“My dad succumbed to death last year when he was 55. My father lived with us for 26 years, and much of that time he was healthy. The worst period was the six months preceding his death. I had lived with him and my grandparents since I was three years old, but my grandfather was no easy person with his bloated ego created hell for everyone. My dad developed prostate complications and had diabetic complications when he died. He had a doctor’s appointment the next week to discuss options for improving his condition. We all knew that we were fighting a losing battle. My mother was my rock. We, sisters clung to each other for support. As bad as it was, we tried to be strong for each other, even when we were crumbling inside. We felt both helpless and guilty when our dad passed away.  Finally, my 87 year old grand father outlived my father. Now I have to manage my infirm grand parents.”

Monday, 12 February 2018

Compassion Fatigue - Dont Wait Until it Hurts You.
                                                                                                                                      Roshan Jacob

Because of the demanding nature of working in long-term care, primary care givers, and many professionals including nurses, run the risk of suffering from burnout and compassion fatigue. By adopting healthy lifestyle choices and focusing on burnout and compassion fatigue prevention, you can minimize work stresses and their toll. The author is a leading social gerontology expert in the caregiving industry and he provides insight for both the caregiver and the recipient in this wonderful article. 

“To work out this plan, you need the support of your husband”, I told Krishnaprabha explaining the care plan of her mother in law. “If not better to place her in a care facility” I gave the second option.

“No sir, he will not understand and he always says that it is my duty, as if he has no stake in this”, Krishnaprabha complains about her plight of singlehandedly (mis)managing a rheumatoid patient with slight dementia.

“Three years of caring for my mother in law with dementia, I’m exhausted! What hurts worse is when a clueless husband tells you that the reason my mother in law is so bad is because I had neglected her. That was very ignorant. I worked, like a donkey, hard at home doing my family’s chores, and also worked years at jobs myself. I’m worn out, no more it is possible. But now-a-days, the sleepless nights really gang up on me. I can’t do this kind of work any more …. I can’t care anymore”  Prabha decided to call off her ‘caregiving assignment’.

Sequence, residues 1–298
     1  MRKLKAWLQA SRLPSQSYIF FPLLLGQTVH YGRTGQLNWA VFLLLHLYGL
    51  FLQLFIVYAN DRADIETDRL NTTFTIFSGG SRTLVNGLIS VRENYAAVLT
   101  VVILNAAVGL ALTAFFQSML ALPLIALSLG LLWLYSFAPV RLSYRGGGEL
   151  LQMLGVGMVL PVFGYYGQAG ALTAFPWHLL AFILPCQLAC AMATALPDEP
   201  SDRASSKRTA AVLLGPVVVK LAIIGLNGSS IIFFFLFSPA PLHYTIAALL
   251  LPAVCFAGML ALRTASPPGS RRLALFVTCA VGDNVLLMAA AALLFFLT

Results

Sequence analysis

You’ve heard of burnout, but may not have heard of compassion fatigue. As more and more family members like Krishnaprabha become caregivers, it is important to be learning about this term. A heavy workload and never-ending tasks may make you wonder if you’ve developed compassion fatigue. What is it and what can you do about it?
Krishna Prabha is a typical case of Compassion Fatigue. Caring too much can hurt. When primary caregivers focus on their infirm loved ones without practicing self-care, destructive behaviors can surface. Apathy, isolation, bottled up emotions and substance abuse head a long list of symptoms associated with the secondary traumatic stress disorder now labelled: Compassion Fatigue.
In general, Compassion Fatigue is a state experienced by those helping people or animals in distress; it is an extreme state of tension and preoccupation with the suffering of those being helped to the degree that it can create a secondary traumatic stress for the helper.
My experience with ‘long term caregiving’ suggests that caregivers play host to a high level of compassion fatigue. Day in, day out, primary caregivers struggle to function in care giving environments that constantly present heart wrenching, emotional challenges. Eventually, negative attitudes prevail.
Compassion fatigue is caused by empathy.  But when there is involvement, it is the natural consequence of stress resulting from caring for and helping traumatized or suffering people. The more commonly used term, ‘burnout’ and compassion fatigue may overlap. The American Institute of Stress, defines this acute stress as “vicarious traumatization” because it’s caused by working with those who are suffering from the consequences of a traumatic event.